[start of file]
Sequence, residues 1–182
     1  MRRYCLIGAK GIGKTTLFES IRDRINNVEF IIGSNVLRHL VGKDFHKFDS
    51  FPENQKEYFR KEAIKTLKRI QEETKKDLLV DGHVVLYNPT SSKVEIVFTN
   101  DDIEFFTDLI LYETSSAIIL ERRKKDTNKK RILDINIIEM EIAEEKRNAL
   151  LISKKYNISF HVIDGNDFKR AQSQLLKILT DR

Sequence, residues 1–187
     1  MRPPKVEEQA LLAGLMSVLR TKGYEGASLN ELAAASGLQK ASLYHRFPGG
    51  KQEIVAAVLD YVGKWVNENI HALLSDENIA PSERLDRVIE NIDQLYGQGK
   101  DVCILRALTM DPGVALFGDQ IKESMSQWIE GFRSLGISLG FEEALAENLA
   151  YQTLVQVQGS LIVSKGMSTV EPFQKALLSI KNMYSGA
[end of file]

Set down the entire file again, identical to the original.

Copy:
Sequence, residues 1–182
     1  MRRYCLIGAK GIGKTTLFES IRDRINNVEF IIGSNVLRHL VGKDFHKFDS
    51  FPENQKEYFR KEAIKTLKRI QEETKKDLLV DGHVVLYNPT SSKVEIVFTN
   101  DDIEFFTDLI LYETSSAIIL ERRKKDTNKK RILDINIIEM EIAEEKRNAL
   151  LISKKYNISF HVIDGNDFKR AQSQLLKILT DR

Sequence, residues 1–187
     1  MRPPKVEEQA LLAGLMSVLR TKGYEGASLN ELAAASGLQK ASLYHRFPGG
    51  KQEIVAAVLD YVGKWVNENI HALLSDENIA PSERLDRVIE NIDQLYGQGK
   101  DVCILRALTM DPGVALFGDQ IKESMSQWIE GFRSLGISLG FEEALAENLA
   151  YQTLVQVQGS LIVSKGMSTV EPFQKALLSI KNMYSGA